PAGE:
There were many cutaway engines and it was possible to step from a four cylinder inline to a six cylinder V to a range of V-8 engines, all in twenty feet or so. The new Ford engines with their double-overhead-cams for each cylinder bank stood in sharp contrast to the General Motors push-rod engines, though the latter included models for passenger cars that topped five hundred horsepower.
There were electric cars in profusion and one enterprising company had already started a charge car arrangement for recharging electric vehicles. Many race cars were displayed to demonstrate the linage of the passenger models. There were small but fascinating areas by Denso who is developing automatic lane keeping, crash avoidance and similar safety devices, though the representative offered when asked that he would wait for the steering correction devices ‘to be perfected’ before submitting to the experience himself. The other small display area of interest was that of ZF, the company that started as a zeppelin gear box manufacturer. True to their beginnings, there was a nine-speed automatic (think Jeep and Chrysler minivan) on display along with a host of suspension components lain out in chassis arrangement. Porsche had a cutaway car and was there in strength with a lineup of silver beauties accented with a few in black. Tucked behind glass was a Porsche 918 Spyder concept car. But, like several other very powerful cars displayed in the show, it was a work of art and not a conveyance of daily use for most of us.
The crowds were polite and reserved, and walking was easy except around the most cherished of vehicles, the Corvettes. We reassembled under the statue of Joe Lewis after four hours looking at many, many cars and walking more miles than seems reasonable. When we got back to the Greenfield Inn many of us had the energy to verify that the water in pool was warm and wet and we hung out there until we could make a fashionably late entrance to the lounge five minutes after it opened. Several hours later we had dinner before returning to the lounge to discuss more of our experiences and just enjoy everyone’s company.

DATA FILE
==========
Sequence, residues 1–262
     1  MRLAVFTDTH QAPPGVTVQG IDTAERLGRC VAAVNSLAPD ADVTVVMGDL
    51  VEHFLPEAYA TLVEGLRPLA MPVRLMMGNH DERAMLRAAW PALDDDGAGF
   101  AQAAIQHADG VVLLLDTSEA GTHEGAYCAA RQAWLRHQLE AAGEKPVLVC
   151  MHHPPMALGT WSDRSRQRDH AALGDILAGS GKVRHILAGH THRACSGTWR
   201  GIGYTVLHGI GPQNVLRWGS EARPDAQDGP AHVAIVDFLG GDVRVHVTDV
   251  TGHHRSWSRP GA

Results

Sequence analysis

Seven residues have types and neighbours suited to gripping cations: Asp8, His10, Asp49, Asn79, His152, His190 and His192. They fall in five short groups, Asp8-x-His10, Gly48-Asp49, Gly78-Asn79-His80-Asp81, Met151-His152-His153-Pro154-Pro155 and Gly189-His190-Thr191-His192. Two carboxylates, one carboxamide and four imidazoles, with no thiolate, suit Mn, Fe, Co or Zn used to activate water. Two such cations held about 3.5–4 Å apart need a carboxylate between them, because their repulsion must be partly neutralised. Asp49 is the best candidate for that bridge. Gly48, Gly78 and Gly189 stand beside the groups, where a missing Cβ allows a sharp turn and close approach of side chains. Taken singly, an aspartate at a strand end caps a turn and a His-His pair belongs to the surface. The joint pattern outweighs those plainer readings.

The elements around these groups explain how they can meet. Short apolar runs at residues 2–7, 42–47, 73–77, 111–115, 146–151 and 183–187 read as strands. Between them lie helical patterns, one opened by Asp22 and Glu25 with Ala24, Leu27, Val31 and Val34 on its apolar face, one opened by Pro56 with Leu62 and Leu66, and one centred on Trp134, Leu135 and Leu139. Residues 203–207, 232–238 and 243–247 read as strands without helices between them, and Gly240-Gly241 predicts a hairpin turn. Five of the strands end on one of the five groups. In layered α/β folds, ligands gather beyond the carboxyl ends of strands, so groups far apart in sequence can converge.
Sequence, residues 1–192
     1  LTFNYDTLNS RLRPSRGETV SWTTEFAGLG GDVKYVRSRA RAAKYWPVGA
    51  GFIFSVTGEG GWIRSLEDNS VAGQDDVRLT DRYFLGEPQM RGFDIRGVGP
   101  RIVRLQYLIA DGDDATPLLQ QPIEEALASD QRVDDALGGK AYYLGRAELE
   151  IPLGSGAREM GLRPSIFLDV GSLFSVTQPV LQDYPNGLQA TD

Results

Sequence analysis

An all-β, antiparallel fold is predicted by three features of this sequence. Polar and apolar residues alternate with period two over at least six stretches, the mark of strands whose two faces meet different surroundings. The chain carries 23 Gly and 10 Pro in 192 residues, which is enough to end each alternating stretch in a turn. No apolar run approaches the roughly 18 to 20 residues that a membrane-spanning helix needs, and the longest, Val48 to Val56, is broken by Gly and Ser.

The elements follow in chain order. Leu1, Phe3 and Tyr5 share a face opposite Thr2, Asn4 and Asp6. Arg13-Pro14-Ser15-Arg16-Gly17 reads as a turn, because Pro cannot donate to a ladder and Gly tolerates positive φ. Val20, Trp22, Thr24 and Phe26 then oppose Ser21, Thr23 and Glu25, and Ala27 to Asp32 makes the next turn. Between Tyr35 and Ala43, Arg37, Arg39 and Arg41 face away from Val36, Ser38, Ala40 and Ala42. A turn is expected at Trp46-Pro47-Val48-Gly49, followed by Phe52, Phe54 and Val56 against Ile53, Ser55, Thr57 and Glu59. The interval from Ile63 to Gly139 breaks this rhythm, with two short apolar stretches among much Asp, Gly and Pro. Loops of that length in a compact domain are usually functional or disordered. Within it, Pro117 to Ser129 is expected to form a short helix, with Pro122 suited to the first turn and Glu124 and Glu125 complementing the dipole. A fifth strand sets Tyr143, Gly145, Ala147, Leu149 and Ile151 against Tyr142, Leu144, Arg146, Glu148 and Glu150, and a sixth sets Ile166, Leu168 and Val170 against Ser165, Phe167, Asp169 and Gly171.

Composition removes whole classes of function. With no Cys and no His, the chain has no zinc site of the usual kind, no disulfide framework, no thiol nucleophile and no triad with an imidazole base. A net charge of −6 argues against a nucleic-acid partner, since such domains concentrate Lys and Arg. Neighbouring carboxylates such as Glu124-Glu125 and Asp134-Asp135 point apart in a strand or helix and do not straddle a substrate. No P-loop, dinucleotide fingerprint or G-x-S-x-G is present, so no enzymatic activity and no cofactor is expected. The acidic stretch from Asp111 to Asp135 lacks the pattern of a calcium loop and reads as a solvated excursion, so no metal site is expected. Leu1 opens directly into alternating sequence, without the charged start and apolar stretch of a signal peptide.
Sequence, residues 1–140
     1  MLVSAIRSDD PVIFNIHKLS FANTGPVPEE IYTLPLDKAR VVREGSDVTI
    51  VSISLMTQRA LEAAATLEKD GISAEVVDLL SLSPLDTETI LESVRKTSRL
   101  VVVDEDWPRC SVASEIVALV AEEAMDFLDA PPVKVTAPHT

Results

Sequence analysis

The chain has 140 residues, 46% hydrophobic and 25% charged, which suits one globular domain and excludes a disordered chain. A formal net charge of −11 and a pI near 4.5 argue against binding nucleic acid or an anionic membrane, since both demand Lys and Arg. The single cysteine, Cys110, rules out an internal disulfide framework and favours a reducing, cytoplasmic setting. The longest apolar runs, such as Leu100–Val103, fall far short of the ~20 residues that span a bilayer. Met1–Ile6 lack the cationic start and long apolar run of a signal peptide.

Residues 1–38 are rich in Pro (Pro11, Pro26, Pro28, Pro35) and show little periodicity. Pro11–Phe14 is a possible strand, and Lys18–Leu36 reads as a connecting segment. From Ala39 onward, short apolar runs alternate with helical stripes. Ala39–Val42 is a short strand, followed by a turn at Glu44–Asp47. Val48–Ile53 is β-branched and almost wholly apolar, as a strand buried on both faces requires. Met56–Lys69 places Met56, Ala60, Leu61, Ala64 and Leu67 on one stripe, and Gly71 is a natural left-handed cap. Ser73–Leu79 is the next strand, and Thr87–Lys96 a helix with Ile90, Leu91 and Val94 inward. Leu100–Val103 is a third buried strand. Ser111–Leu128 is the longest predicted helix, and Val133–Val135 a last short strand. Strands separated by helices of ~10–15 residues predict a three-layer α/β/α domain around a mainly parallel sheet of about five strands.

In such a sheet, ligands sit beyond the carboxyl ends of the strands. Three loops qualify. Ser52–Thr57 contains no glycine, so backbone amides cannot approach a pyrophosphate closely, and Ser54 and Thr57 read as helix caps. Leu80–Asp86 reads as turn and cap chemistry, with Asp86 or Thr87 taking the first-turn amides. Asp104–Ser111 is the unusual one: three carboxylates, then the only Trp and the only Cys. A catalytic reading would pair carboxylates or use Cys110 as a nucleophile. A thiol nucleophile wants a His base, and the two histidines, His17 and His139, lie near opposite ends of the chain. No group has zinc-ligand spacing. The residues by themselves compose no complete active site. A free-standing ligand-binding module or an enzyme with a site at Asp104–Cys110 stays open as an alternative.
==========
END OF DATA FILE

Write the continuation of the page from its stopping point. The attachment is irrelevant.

The next morning, after another wonderful breakfast, Bob Simon got the attention of the conductor loading the car to Chicago and we got nice seats together facing the proper direction. Five hours later and with no bonus time at all, we arrived back in Union Station, said our goodbyes and hurried to our local trains. The consensus was that it was the CMGC members themselves who had made the trip a memorable success.